Sohni Kaur, another Scripps first year, detailed the experiences of her parents, who both came from India, with racism and discrimination. She said that even though they don’t get a lot of trouble nowadays because they do not have very distinct accents, her father will still get strange looks when he wears his turban. In one instance, one of her father’s patients even joked about him being in the Taliban due to his turban. Kaur described a particularly disturbing incident that her mother underwent: “Once one of my mom’s patients refused to share his entire patient history with my mom and demanded to see her supervisor, who happened to be an African-American man, and then told one of the nurses ‘First an Asian woman, and now a black doctor? Am I in America anymore?’ My mom’s incident happened when she was finishing up her fellowship in Alabama.”
Kaur also added in her personal experiences.
“I haven’t been treated that bad as a child of an immigrant, because I grew up in a fairly liberal area. But I still get nervous any time we go through TSA at the airport or if I see anyone looking intently in our direction. Also when I was in elementary school, my friends would tell me my lunch looked or smelled weird whenever I brought food my mom made.”
Isaiah Twolands, a sophomore at Claremont McKenna College, also spoke about the experiences of his parents, who emigrated from the Democratic Republic of Congo. He described situations where his parents were assumed to be unintelligent due to their immigration status, despite their degrees and medical professions. He also explained that,
“What is the probably the most notably, consistently prevalent thing that relates to my parents being immigrants is how people react when they hear their accents. They are so quick to ask my parents where they are from and view them as representative of their country or they tell my parents some irrelevant detail to show how they almost have some personal stake in the country as well. This definitely comes across as a colonial ‘Look, I am taking part in your culture just as you are taking part in mine!’ as though my parents aren’t Americans citizens, they are some exotic and therefore only to be interacted with from a position of ignorant intrigue, and whatever detail they brought up is equivalent to the daily cultural shifts my parents navigate/to the vast expanse of the culture of my parents country.”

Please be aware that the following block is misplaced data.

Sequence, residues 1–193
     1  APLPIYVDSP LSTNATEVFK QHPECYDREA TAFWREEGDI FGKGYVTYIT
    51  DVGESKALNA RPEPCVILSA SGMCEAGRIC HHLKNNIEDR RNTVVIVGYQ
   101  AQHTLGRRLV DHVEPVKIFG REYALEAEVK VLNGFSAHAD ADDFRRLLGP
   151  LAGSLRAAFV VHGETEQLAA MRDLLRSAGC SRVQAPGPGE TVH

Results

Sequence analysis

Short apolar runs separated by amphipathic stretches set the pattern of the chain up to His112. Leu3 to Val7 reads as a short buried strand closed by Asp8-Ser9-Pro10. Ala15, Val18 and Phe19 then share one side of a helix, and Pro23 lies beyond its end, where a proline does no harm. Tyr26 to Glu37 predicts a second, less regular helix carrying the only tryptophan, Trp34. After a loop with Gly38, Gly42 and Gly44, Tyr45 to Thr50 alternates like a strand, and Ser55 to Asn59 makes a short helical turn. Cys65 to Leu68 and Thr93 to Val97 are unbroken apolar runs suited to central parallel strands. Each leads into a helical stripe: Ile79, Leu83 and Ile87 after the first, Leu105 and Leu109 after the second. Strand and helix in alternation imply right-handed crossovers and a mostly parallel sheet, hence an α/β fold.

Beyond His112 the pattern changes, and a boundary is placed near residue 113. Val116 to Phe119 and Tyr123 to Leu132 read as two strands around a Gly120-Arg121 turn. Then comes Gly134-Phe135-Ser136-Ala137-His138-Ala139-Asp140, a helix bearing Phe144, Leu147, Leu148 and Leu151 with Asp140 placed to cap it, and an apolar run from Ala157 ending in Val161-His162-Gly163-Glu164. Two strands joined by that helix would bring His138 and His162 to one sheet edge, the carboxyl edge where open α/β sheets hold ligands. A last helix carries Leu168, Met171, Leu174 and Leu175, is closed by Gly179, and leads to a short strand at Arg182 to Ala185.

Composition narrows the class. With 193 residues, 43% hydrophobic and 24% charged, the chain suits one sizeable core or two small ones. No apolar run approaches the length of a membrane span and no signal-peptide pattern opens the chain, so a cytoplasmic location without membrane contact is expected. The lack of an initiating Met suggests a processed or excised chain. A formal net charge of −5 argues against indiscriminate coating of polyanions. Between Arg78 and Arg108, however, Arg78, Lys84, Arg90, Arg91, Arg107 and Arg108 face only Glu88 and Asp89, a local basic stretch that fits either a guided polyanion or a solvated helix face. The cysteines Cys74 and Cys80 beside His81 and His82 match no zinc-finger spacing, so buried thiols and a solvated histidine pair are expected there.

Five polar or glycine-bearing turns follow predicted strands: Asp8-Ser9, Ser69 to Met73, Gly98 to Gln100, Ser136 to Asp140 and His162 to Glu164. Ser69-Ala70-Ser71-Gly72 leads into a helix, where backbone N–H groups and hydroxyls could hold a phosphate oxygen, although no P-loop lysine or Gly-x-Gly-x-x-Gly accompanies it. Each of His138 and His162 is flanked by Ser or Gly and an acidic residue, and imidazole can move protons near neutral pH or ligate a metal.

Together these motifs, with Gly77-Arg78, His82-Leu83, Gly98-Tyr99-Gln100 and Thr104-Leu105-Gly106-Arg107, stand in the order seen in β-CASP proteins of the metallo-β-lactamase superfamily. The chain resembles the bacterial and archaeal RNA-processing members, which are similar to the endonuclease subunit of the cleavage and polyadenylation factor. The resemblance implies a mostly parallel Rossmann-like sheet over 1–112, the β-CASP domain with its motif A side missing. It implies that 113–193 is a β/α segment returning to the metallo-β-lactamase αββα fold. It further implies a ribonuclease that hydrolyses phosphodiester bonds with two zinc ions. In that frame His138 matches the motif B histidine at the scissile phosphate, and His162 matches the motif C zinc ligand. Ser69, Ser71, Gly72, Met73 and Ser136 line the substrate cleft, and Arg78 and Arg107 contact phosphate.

Twolands also elaborated on the specific difficulties his parents face for being African immigrants: “It plays upon an interesting dichotomy because they are African-American (as opposed to Black-American) so at first glance people may have a certain set of banal beliefs and stereotypes associated with them, but when they realize they are also immigrants from Central Africa, there’s immediately another set of preconceived notions put along with that. Sometimes even favorable treatment by people of different ethnic backgrounds has a dehumanizing, negative effect because they are not seeing my parents as their unique, individualistic selves, but rather as their background and their culture.”
He also described the phenomenon of existing in two cultural worlds as a child of immigrants. Despite being born in America, only visiting his home country once, and not speaking his parents’ native language, Twolands stated that his home life and daily customs “…differ greatly from that of most Black-American households, so I spent much of my formative years trying to bridge that gap and figure out where I fall within it. Also, of course kids at school when you’re young are going to make fun of you for being different…I do believe that those years of figuring out how my background constitutes who I am helped me figure out who I want to be in.”
Through these interviews, one can see the nuance and variation in immigrant experiences. While immigrants from Europe and Slavic countries are glorified and embraced—despite the occasional fetishization, immigrants of color face deeper struggles and dangers due to factors like racism and islamophobia. The situations of these immigrants’ children are also unique because of the challenges that come with living multiple cultures at once. Therefore, it is necessary to keep these things in mind when discussing the treatment of immigrants in the US.
Image courtesy of Sohni Kaur